Complications Ensue:
The Crafty Screenwriting, TV and Game Writing Blog


April 2004

May 2004

June 2004

July 2004

August 2004

September 2004

October 2004

November 2004

December 2004

January 2005

February 2005

March 2005

April 2005

May 2005

June 2005

July 2005

August 2005

September 2005

October 2005

November 2005

December 2005

January 2006

February 2006

March 2006

April 2006

May 2006

June 2006

July 2006

August 2006

September 2006

October 2006

November 2006

December 2006

January 2007

February 2007

March 2007

April 2007

May 2007

June 2007

July 2007

August 2007

September 2007

October 2007

November 2007

December 2007

January 2008

February 2008

March 2008

April 2008

May 2008

June 2008

July 2008

August 2008

September 2008

October 2008

November 2008

December 2008

January 2009

February 2009

March 2009

April 2009

May 2009

June 2009

July 2009

August 2009

September 2009

October 2009

November 2009

December 2009

January 2010

February 2010

March 2010

April 2010

May 2010

June 2010

July 2010

August 2010

September 2010

October 2010

November 2010

December 2010

January 2011

February 2011

March 2011

April 2011

May 2011

June 2011

July 2011

August 2011

September 2011

October 2011

November 2011

December 2011

January 2012

February 2012

March 2012

April 2012

May 2012

June 2012

July 2012

August 2012

September 2012

October 2012

November 2012

December 2012

January 2013

February 2013

March 2013

April 2013

May 2013

June 2013

July 2013

August 2013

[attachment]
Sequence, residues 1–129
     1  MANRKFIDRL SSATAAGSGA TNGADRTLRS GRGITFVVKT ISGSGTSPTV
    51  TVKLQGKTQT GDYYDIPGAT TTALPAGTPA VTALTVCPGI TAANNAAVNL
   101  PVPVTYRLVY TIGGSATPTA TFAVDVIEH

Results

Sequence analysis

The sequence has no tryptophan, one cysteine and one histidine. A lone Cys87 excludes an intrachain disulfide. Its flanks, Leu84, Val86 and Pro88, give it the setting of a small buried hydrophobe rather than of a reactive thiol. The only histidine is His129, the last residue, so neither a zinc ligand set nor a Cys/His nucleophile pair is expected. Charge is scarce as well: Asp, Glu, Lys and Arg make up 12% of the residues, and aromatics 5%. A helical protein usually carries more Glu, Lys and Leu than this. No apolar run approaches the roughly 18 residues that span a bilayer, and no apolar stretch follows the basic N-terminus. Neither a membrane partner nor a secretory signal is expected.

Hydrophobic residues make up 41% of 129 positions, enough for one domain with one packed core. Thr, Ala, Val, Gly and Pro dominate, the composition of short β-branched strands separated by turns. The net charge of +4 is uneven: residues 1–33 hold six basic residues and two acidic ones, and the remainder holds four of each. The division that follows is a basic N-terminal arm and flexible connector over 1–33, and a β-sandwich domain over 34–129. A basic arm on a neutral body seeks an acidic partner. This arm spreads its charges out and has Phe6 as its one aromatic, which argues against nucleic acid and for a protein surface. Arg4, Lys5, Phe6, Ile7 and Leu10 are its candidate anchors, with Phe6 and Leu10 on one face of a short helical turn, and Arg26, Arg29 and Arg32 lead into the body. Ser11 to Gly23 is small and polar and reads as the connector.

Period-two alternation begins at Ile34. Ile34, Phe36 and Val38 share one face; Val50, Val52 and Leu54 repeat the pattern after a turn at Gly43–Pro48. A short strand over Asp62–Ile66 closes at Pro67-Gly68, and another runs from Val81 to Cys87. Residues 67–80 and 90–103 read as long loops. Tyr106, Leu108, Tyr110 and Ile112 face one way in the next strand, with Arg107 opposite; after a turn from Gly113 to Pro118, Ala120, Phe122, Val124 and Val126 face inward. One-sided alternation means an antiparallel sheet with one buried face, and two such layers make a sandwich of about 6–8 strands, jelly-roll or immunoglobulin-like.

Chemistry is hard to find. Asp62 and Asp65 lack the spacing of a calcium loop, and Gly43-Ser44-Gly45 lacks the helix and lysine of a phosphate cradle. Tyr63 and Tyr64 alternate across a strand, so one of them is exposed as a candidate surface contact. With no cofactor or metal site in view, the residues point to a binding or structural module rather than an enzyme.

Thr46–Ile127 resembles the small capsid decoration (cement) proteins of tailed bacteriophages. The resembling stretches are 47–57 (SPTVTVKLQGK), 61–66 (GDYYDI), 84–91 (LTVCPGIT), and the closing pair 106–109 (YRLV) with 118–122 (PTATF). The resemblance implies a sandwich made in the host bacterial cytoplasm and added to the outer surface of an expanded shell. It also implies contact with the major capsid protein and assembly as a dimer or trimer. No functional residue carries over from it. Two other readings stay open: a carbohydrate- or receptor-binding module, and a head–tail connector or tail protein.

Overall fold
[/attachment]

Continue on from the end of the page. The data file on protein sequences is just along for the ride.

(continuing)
September 2013

October 2013

November 2013

December 2013

January 2014

February 2014

March 2014

April 2014

May 2014

June 2014

July 2014

August 2014

September 2014

October 2014

November 2014

December 2014

January 2015

February 2015

March 2015

April 2015

May 2015

June 2015

August 2015

September 2015

October 2015

November 2015

December 2015

January 2016

February 2016

March 2016

April 2016

May 2016

June 2016

July 2016

August 2016

September 2016

October 2016

November 2016

December 2016

January 2017

February 2017

March 2017

May 2017

June 2017

July 2017

August 2017

September 2017

October 2017

November 2017

December 2017

January 2018

March 2018

April 2018

June 2018

July 2018

October 2018

November 2018

December 2018

January 2019

February 2019

November 2019

February 2020

March 2020

April 2020

May 2020

August 2020

September 2020

October 2020

December 2020

January 2021

February 2021

March 2021

May 2021

June 2021

November 2021

December 2021

January 2022

February 2022


Thursday, June 08, 2006

As of May 31, it's no longer legal to smoke in a bar in Montreal. I know, we're a little behind California. The French influence extends to cheap day care and too much smoking. (Though, weirdly, there is very little contact between France and Quebec, except among highbrow intellectual circles. Montreal looks to New York more than anywhere else.)

On the other hand, I've noticed a resurgence of smoking in pictures ever since Pulp Fiction. For a while there, the only smokers on screen were villains and nutcases. Lately I've seen a few too many Cool Smokers.

Now kids, say what you will about film having to follow reality. If you're writing a tv series about fashion models, you have to have them all smoking like chimneys. 'Cause models do.

I call bullshit, to quote John Rogers. There's lots of things we don't put on screen that people do. I'm not just talking about going to the bathroom. I'm talking about taking forever to say something meaningful. TV and film are constructed realities. All you owe the audience is the emotional truth.

'Cause the only reason kids pick up smoking is to be cool. (Very few people are dumb enough to pick up the habit past 18. Which is why they invented Joe Camel.) If you make smoking look cool, you're convincing kids to smoke.